Lois Lerner, IRS official in tea party scandal, forced out for ‘neglect of duties’
Lois G. Lerner, the woman at the center of the IRS tea party targeting scandal, retired from the agency Monday morning after an internal investigation found she was guilty of “neglect of duties” and was going to call for her ouster, according to congressional staff.
Her departure marks the first government official to pay a significant price in the scandal, though Republicans were quick to say her decision doesn’t put the matter to rest and pointed out that she still can be called before Congress to testify.
Rep. Sander M. Levin of Michigan, the ranking Democrat on the HouseWays and Means Committee, said an accountability review board set up to investigate the people at the agency involved with the scandal completed their review and were set to recommend Ms. Lerner’s ouster. The review board, though, found no evidence of political bias, he said.
Several congressional committees were examining her behavior and emails that seemed to suggest that she was looking for reasons to deny political groups approval for tax-exempt status.
Republicans said Ms. Lerner’s resignation, while a first step, isn’t the end of the scandal.
“We still don’t know why Lois Lerner, as a senior IRS official, had such a personal interest in directing scrutiny and why she denied improper conduct to Congress,” said Rep. Darrell E. Issa, California Republican and chairman of the House Oversight and Government Reform Committee. “Her departure does not answer these questions or diminish the committee’s interest in hearing her testimony.”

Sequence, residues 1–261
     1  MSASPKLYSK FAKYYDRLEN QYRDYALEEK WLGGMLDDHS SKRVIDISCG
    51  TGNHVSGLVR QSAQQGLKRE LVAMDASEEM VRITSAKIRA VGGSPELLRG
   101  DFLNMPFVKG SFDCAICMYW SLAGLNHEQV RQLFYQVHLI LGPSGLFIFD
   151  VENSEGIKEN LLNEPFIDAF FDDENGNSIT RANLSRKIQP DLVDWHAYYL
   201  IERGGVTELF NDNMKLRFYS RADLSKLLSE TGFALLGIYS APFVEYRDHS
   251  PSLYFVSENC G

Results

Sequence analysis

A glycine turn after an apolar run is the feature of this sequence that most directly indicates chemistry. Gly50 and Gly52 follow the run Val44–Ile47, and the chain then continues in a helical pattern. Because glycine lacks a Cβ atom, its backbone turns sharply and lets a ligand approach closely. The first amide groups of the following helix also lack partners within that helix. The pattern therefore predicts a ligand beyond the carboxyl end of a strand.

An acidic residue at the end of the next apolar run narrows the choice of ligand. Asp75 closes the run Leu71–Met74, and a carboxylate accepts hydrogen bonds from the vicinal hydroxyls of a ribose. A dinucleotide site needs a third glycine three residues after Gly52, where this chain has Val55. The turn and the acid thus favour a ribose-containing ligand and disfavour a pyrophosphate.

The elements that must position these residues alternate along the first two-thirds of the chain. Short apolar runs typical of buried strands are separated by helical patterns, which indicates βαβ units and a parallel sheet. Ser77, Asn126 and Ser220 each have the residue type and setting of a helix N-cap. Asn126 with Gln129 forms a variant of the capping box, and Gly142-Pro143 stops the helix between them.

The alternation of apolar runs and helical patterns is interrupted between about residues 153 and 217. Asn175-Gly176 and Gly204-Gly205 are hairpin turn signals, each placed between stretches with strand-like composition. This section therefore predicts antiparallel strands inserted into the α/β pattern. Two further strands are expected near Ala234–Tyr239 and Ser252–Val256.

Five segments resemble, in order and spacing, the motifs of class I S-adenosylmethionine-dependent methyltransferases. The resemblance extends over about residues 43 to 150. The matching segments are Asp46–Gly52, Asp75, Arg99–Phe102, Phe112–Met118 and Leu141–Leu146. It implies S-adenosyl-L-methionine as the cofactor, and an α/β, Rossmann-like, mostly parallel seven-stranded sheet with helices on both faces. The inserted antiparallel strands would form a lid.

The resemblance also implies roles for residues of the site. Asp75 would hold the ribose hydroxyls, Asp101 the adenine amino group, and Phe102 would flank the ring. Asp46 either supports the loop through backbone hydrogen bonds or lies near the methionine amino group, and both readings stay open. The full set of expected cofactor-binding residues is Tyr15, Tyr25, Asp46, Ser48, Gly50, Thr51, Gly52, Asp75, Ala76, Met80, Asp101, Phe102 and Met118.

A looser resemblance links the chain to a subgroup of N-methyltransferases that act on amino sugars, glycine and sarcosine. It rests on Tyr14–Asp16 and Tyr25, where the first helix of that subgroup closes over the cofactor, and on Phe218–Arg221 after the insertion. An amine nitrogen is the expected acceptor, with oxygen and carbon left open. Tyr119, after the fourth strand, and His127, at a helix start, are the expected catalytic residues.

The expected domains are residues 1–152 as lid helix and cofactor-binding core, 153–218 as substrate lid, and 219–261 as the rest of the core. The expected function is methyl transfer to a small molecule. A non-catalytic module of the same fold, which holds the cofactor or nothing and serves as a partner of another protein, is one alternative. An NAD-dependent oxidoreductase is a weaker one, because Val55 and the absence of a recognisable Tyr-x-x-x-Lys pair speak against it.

But Mr. Levin, who called for Ms. Lerner to resign early on, said there is still no evidence of political motivation in Ms. Lerner’s actions or those of others at the IRS. He said Republicans are stretching to create a political scandal.
“The basic overreaching premise of the Republicans that the IRS had an ‘enemies list’ and was being influenced from the outside has been proven wrong again, as it has again and again,” Mr. Levin said. “Just as the IRS has to move with all deliberate speed to restore the public trust, so too must the Republicans by not distorting the investigation and by acknowledging the improvements.”
Also Monday, one marquee tea party group announced that it had reached a deal with the Obama administration to approve its application for tax-exempt status, ending a three-year ordeal in which it faced the same intrusive scrutiny that characterized the IRS efforts with regard to conservative organizations.
True the Vote, the Texas-based voters’ rights group, said the Justice Department and IRS agreed late Friday to approve the application for 501(c )(3) status as a charitable organization.
The group found out earlier this year that it was part of a batch of hundreds of applications that the IRS was delaying, and it sued to force the agency to approve its application.
The approval of the group’s application does not end the matter, said Cleta Mitchell, lead attorney in the lawsuit.
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